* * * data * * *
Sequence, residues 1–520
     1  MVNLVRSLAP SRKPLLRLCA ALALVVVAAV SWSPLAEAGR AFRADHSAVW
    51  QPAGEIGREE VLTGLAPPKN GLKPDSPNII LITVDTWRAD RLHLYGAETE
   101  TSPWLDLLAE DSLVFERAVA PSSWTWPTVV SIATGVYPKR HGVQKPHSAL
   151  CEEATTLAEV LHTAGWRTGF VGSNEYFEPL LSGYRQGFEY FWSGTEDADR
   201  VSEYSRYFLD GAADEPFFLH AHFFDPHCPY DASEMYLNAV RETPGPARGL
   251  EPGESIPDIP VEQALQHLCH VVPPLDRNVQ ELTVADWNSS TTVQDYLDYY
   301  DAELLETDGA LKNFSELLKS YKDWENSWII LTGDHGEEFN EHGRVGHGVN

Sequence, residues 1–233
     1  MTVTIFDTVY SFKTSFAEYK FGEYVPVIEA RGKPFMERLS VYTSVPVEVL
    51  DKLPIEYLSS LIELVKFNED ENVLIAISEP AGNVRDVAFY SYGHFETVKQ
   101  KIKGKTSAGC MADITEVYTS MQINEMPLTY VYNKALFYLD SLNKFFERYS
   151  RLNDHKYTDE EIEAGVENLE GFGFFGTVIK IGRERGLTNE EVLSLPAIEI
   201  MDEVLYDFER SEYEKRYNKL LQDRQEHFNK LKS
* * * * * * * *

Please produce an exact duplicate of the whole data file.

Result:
Sequence, residues 1–520
     1  MVNLVRSLAP SRKPLLRLCA ALALVVVAAV SWSPLAEAGR AFRADHSAVW
    51  QPAGEIGREE VLTGLAPPKN GLKPDSPNII LITVDTWRAD RLHLYGAETE
   101  TSPWLDLLAE DSLVFERAVA PSSWTWPTVV SIATGVYPKR HGVQKPHSAL
   151  CEEATTLAEV LHTAGWRTGF VGSNEYFEPL LSGYRQGFEY FWSGTEDADR
   201  VSEYSRYFLD GAADEPFFLH AHFFDPHCPY DASEMYLNAV RETPGPARGL
   251  EPGESIPDIP VEQALQHLCH VVPPLDRNVQ ELTVADWNSS TTVQDYLDYY
   301  DAELLETDGA LKNFSELLKS YKDWENSWII LTGDHGEEFN EHGRVGHGVN

Sequence, residues 1–233
     1  MTVTIFDTVY SFKTSFAEYK FGEYVPVIEA RGKPFMERLS VYTSVPVEVL
    51  DKLPIEYLSS LIELVKFNED ENVLIAISEP AGNVRDVAFY SYGHFETVKQ
   101  KIKGKTSAGC MADITEVYTS MQINEMPLTY VYNKALFYLD SLNKFFERYS
   151  RLNDHKYTDE EIEAGVENLE GFGFFGTVIK IGRERGLTNE EVLSLPAIEI
   201  MDEVLYDFER SEYEKRYNKL LQDRQEHFNK LKS